The Raffles’ banded langur is one of only three non-human primates to be found in Singapore.Learn more
Through dedicated partnerships with local government and NGOs, we have not only supported a community of home-grown field scientists to undertake conservation-related activities, but also catalysed the development of National Conservation Strategies and Action Plans for three native species - the Raffles' banded langur, Sunda pangolin and the endemic Singapore freshwater crab.
Click here to download ‘Wildlife Matters’, an e-book which captures 10 years of conservation action made possible with support from the Wildlife Reserves Singapore Conservation Fund (WRSCF).
This study used one of the most accurate ways to estimate the population size of amphibians through acoustic monitoring.
This research project documented the important ecosystem services provided by urban bats.
Critically endangered in eastern Indonesia and Timor Leste, and not native to Singapore, yet small populations can be found here. We evaluated if they compete with native birds for food and nesting resource.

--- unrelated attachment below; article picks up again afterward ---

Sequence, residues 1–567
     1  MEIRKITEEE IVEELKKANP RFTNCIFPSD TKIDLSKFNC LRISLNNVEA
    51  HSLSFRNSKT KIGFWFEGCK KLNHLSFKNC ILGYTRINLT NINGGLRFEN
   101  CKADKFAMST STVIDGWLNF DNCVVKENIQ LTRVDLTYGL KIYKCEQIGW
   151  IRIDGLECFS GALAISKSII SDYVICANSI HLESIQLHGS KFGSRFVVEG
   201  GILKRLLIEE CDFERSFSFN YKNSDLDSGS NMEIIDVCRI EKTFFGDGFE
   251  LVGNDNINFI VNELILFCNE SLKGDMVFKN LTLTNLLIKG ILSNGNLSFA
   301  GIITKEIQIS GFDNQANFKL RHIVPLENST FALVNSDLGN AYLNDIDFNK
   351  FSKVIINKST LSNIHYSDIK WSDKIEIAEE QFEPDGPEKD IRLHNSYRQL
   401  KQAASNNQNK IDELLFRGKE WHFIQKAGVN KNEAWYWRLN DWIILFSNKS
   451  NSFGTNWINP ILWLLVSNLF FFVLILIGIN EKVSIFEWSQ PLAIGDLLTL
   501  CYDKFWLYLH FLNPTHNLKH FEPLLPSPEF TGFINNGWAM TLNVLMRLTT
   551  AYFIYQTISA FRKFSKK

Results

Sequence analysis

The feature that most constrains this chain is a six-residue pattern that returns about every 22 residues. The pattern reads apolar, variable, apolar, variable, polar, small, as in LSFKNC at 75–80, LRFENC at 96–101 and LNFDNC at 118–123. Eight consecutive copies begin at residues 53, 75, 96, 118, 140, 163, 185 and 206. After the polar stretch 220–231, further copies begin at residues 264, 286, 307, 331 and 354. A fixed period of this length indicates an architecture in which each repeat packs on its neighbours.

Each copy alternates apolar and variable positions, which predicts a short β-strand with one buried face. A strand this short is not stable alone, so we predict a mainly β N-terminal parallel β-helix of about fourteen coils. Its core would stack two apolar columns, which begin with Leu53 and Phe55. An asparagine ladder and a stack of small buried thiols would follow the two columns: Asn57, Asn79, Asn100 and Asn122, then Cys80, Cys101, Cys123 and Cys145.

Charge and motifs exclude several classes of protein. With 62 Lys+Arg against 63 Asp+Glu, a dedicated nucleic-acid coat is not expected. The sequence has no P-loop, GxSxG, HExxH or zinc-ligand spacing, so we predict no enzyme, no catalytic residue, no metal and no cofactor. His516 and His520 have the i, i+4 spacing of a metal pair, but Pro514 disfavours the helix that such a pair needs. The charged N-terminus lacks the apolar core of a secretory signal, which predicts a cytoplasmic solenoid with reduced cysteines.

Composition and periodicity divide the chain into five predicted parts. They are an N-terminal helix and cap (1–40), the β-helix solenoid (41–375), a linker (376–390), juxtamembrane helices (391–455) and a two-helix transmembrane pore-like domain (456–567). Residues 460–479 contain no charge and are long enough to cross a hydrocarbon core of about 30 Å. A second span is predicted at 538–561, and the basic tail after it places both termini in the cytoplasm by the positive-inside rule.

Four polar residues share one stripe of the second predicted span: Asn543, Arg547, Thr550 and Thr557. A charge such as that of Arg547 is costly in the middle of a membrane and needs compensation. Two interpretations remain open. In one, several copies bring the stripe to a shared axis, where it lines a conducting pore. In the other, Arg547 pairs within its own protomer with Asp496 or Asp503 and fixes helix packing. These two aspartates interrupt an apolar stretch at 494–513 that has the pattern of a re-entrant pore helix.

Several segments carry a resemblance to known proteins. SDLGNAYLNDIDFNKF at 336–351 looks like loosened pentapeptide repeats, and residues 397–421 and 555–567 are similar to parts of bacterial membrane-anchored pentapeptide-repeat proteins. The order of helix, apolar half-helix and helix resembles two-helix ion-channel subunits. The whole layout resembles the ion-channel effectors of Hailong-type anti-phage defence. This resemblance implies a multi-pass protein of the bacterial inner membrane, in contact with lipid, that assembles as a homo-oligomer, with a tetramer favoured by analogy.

The mangrove horseshoe crab population is on the decline in Singapore largely due to habitat loss. This project worked on better understanding their breeding behaviour to work towards a safe future for them.
Sharks and rays are at a substantially higher risk than most other groups of animals. This project aims to uncover the extent at which sharks and rays are landed in Singapore fishery ports.
Very little is known about the giant ant in Singapore. This project compared findings from Sabah with the isolated population of giant ants in Singapore, to determine whether their competition and community dynamics differ.
The reticulated python – which holds the record for being the world’s longest snake – is one of the most frequently encountered snakes in Singapore. This study used radio-telemetry to investigate pythons’ spatial ecology and their homing ability after translocation.
We supported a project to better understand pangolins in the wild in Singapore using radio tags.